Using National Survey Data to Analyze Children’s Health Insurance Coverage: An Assessment of Issues. 1. Forms of Underreporting


It is important to differentiate among different sources or forms of underreporting, as they carry quite different implications for estimates of the uninsured.

a. Misreporting of Medicaid as Private or Other Public Coverage

In an effort to increase and maintain enrollment, a number of states have taken steps to give their Medicaid programs the appearance of private insurance plans. Such tactics may be successful to the point of confusing participants as to the source of their health insurance coverage. As a result, some Medicaid enrollees may report that they are covered by some type of private insurance plan or a public plan other than Medicaid and thus not get counted as Medicaid participants. Such people will not be counted among the uninsured, but their actions will contribute to Medicaid enrollment being understated relative to administrative estimates.

b. Incomplete Reporting of People Included in Family Coverage

The fact that multiple family members are often but not always included under the same coverage creates a measurement problem that different surveys approach in different ways--for example, going through the household person by person to ascertain each member’s source(s) of coverage versus identifying the person in whose name a particular coverage is held and listing all household members included in that coverage. However insurance coverage is measured, there exists the potential for individual household members to be omitted. The likelihood of such omissions may be greatest for children, whose coverage is often collected somewhat differently than that of adults.(30) A finding that is consistent across multiple surveys is that roughly one-fifth of uninsured children appear to have at least one insured parent in the household. Czajka (1999) finds that 7 percent of uninsured children as measured in the SIPP report having a parent covered by Medicaid while about 13 percent have a parent with employer-sponsored coverage. The 7 percent figure strikes us as high. While there are circumstances under which a parent could be Medicaid-eligible without the children also being eligible, the parent would still have to meet a means test, which in most cases would imply a family income low enough to qualify the children under the poverty-related criteria.(31) Furthermore, while there is nothing implausible about uninsured children having parents with employer-sponsored coverage, we suspect that if parents can report their own Medicaid coverage but omit that of one or more children, they can do likewise with employer-sponsored coverage. In short, much of the 7 percent of uninsured children with Medicaid-covered parents and at least some of the 13 percent with employer-insured parents may be misreported as uninsured.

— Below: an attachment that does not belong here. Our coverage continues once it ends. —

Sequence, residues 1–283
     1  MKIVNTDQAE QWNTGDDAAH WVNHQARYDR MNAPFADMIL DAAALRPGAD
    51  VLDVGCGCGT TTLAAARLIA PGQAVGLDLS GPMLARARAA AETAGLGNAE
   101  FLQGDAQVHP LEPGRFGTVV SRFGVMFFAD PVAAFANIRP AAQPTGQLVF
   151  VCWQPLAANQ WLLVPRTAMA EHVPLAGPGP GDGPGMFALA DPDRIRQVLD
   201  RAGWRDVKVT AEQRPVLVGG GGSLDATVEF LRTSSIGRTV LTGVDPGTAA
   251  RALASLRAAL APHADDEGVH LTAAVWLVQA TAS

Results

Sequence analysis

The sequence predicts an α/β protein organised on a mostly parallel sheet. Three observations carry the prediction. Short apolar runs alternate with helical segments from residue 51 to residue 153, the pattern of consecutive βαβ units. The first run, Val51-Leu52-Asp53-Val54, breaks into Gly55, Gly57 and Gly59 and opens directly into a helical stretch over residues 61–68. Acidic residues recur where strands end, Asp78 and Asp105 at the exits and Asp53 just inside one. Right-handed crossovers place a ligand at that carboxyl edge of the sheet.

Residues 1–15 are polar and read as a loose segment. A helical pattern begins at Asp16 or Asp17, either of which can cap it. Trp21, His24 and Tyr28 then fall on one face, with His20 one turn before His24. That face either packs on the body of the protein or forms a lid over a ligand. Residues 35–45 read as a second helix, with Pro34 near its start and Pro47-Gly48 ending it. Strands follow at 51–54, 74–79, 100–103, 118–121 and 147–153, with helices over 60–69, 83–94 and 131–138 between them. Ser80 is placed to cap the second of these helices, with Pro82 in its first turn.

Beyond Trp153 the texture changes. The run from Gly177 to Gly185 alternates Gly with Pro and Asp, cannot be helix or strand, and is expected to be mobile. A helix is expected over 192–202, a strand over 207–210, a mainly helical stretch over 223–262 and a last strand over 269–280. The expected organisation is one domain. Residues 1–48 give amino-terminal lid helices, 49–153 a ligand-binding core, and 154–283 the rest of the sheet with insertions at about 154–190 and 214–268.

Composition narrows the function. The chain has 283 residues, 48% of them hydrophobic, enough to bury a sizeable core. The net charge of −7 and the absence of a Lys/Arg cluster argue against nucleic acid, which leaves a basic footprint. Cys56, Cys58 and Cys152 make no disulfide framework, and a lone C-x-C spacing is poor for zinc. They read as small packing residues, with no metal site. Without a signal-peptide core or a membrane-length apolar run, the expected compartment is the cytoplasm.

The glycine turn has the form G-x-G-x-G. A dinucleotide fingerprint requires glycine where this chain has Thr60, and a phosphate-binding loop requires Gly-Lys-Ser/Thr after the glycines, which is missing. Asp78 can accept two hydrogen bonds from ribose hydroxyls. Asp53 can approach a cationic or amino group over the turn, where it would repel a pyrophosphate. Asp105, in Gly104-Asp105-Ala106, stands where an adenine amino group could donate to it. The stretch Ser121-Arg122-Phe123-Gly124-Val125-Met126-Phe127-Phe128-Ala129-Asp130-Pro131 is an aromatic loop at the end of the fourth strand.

c. Not Reporting Medicaid at All

Rather than misreporting Medicaid as another type of insurance or reporting Medicaid for only some of the family members who are actually covered, respondents may fail to report any Medicaid coverage at all. If such people report no other coverage during the reference period, they will be classified, incorrectly, as uninsured. If they do report other coverage, then they will be identified as insured, but they will still contribute to the underreporting of Medicaid. When the reference period is short, we suspect that nearly all of these cases will be recorded as uninsured. With a reference period as long as a year, however, a nontrivial share of those who fail to report their Medicaid coverage may have had--and reported--other coverage and, therefore, not been classified as uninsured.

d. Population Undercoverage

We have discussed how population undercoverage is endemic to surveys and how this type of error affects the low-income population disproportionately. While this almost certainly accounts for some of the underreporting of Medicaid, we suggest that population undercoverage may have a relatively greater impact on estimates of Medicaid-eligible nonparticipants. The circumstances that contribute to people being left off of household rosters--basically, their transiency or weak attachment to the household--may also make it unlikely that they would be covered by Medicaid if eligible. In general, population coverage may affect the uninsured more than the insured. Thus it may tend to push estimated Medicaid participation rates up rather than down and lower rather than inflate estimates of the proportion of children who are uninsured.